Clean Energy Trust, Darcy’s first investor, provides catalytic capital and support to startups working on solutions for clean energy, decarbonization, and environmental sustainability. They are providing us specific insights on our business, and their targeted introductions across the electric utility ecosystem are extremely helpful in connecting us with potential industry partners.

There are several important considerations when thinking about de-carbonizing building heating and cooling and the electrification of HVAC technology. Providing the most energy efficient technology can help reduce system load and avoid the need for additional power. generation and transmission investments. Similarly, utilizing technology that helps reduce peak electrical demand and smooth energy use can also enhance system load factors and mitigate the need for additional generation and transmission capacity. 

Heat pumps are essentially air conditioners that can be operated in one direction to provide cooling and operated in the opposite direction to provide heating. Heat pumps use refrigerants, which take advantage of the ideal gas law (PV = nRT) and move heat around through 4 steps. 

For cooling, a heat pump works as laid out in this table.

 

 

Incoming Refrigerant State

Operation

Effect

Step 1

Cold, Low Pressure Gas

Heat Exchange with Building System

Heat Refrigerant, Cool Building Air or Water

Step 2

Warm, Low Pressure Gas

Compress Refrigerant (consumes power)

Pressurize/Increase Temp of Refrigerant

Step 3

Hot, High Pressure Gas

Heat Exchange with Outside System

Cool Refrigerant, Heat Outside Air or Geo Loop Water

Step 4

Less Hot, High Pressure Gas

Refrigerant Through Expansion Valve

Depressurize/Decrease Temp of Refrigerant

   

 

The system works in reverse when the building needs to be heated.

The geothermal energy that occurs across various parts of the globe, such as Iceland, can offer 2 important and beneficial uses. High temperature geothermal (>360 F) can be used to create steam which in turn can be used to generate electricity. Lower temperature (68 – 302 F) geothermal can be used for direct heating, as the ancient Romans did.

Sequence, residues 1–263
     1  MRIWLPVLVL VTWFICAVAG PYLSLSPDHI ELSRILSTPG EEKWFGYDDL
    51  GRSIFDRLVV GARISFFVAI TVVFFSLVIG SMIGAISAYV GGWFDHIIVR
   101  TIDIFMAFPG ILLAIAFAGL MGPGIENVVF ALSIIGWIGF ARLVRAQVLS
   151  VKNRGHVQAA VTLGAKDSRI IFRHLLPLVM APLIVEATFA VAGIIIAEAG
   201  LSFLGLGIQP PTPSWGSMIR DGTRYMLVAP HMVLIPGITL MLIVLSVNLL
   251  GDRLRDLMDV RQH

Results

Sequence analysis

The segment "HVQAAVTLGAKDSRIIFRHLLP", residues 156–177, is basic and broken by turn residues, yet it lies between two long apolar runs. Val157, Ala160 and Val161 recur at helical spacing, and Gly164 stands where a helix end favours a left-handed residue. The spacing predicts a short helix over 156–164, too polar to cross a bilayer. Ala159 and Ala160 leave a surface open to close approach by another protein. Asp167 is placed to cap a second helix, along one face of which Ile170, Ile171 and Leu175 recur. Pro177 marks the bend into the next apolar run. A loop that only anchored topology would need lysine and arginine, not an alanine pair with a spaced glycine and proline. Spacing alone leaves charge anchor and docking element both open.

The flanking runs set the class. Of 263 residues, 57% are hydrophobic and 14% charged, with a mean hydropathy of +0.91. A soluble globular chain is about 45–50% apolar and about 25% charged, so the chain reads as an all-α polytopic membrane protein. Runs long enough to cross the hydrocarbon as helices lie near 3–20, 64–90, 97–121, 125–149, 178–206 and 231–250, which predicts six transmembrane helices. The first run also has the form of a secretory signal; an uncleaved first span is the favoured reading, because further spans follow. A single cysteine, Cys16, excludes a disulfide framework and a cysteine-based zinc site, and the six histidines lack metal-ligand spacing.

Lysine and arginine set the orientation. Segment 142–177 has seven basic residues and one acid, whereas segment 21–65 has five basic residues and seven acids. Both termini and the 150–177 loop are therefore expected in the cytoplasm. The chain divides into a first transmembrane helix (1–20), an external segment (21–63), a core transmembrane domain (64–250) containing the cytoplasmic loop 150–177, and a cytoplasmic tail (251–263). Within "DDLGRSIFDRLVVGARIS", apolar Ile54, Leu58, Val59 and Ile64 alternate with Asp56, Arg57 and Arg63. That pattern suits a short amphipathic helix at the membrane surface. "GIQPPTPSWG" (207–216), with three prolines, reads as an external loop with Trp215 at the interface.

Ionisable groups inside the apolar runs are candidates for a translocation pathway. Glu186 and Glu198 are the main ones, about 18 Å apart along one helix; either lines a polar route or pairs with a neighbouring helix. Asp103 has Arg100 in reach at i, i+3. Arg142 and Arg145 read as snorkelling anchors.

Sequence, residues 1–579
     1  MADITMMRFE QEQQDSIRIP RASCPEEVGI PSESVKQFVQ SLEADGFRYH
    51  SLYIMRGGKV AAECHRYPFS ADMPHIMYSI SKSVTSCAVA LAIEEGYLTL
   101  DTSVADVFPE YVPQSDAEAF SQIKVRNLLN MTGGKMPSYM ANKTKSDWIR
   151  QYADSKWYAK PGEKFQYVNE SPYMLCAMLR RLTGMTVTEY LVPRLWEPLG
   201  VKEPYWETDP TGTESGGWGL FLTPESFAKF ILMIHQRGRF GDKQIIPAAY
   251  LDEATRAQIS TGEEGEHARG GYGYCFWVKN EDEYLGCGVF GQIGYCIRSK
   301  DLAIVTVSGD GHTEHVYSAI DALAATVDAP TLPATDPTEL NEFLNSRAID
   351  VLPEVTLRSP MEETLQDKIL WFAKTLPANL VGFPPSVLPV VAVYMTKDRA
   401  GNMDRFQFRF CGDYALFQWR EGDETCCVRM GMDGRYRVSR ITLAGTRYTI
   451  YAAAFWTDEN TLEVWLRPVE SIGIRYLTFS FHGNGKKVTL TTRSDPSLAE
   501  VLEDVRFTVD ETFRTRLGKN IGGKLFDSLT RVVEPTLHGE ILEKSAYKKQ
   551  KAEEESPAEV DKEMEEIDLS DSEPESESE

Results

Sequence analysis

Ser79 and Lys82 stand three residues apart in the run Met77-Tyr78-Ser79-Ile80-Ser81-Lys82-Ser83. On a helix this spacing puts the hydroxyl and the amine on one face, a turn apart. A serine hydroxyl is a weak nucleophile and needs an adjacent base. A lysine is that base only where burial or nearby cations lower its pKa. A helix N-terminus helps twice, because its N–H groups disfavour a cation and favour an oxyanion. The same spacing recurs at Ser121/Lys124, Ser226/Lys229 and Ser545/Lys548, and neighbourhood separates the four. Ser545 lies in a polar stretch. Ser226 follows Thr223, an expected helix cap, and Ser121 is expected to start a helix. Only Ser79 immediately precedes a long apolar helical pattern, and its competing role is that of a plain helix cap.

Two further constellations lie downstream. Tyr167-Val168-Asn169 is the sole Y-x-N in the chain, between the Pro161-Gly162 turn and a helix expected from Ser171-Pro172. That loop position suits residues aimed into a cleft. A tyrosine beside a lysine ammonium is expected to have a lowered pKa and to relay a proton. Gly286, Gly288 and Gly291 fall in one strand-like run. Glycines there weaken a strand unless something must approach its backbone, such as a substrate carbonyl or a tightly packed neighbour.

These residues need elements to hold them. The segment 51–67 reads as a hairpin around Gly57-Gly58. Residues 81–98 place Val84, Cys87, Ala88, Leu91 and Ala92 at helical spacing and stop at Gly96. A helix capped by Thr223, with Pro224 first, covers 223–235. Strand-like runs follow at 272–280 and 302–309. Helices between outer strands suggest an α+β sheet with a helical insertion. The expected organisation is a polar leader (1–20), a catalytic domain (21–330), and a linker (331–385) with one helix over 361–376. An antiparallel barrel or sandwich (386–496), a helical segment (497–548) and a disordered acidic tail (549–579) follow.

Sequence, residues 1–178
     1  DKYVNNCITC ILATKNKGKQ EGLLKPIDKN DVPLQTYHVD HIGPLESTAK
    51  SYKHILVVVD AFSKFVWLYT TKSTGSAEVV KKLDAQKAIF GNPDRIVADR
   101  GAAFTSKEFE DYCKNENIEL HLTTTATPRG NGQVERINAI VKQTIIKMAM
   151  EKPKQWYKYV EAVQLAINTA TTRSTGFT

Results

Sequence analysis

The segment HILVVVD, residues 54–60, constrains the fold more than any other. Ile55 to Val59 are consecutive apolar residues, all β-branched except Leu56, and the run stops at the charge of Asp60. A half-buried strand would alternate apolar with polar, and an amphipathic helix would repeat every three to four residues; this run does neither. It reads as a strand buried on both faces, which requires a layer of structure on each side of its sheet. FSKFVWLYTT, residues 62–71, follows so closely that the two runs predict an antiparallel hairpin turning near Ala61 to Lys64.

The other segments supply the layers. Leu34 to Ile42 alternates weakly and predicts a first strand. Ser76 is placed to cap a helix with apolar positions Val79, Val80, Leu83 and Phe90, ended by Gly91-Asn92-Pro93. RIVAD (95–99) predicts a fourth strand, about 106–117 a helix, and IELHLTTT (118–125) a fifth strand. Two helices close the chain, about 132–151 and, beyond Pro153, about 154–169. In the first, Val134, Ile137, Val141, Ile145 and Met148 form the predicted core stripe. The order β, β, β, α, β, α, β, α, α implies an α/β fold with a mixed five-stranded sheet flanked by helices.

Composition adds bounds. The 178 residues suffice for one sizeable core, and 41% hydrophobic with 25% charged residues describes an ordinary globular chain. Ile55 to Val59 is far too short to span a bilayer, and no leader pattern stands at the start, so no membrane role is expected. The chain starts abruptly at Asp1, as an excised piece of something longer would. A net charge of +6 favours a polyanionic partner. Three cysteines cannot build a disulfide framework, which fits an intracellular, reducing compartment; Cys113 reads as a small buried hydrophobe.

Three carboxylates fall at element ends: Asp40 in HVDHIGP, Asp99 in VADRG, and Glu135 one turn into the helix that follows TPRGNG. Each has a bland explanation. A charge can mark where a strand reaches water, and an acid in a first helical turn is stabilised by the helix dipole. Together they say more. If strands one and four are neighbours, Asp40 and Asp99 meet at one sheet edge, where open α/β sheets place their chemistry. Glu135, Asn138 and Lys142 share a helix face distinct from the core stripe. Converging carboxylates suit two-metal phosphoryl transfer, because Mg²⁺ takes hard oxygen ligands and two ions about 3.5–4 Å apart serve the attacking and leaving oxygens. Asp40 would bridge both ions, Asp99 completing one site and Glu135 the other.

Darcy’s technology utilizes what is really a form of solar energy that is stored in the shallow earth.  Groundwater temperatures are relatively stable year-round, and typically reflect the average annual temperature for the area, ranging from 45 degrees F in the northern part of the continental U.S. to 75 degrees F in the southern part of the country. HVAC equipment, such as a heat pump, is designed to supplement these temperatures to provide the desired level of heating or cooling.

There are two major benefits.  

The first benefit is that a system does not lose efficiency over the course of a season due to the gradual decrease in temperature while heating or a gradual increase in ground temperature while cooling (as happens in traditional geothermal). Maintaining consistent efficiency helps reduce electricity use and cost.

The second benefit is that a system can be designed to deliver cooling only or heating only without concern for gradual increase (or decrease) in underground temperature over years of operation. This flexibility enables the incorporation of creative heating or cooling systems (e.g., a cooling only system with the use of chilled beams, a DOAS, and no heat pump) for which energy savings can be significant, sometimes as much as a 70% reduction vs. conventional systems.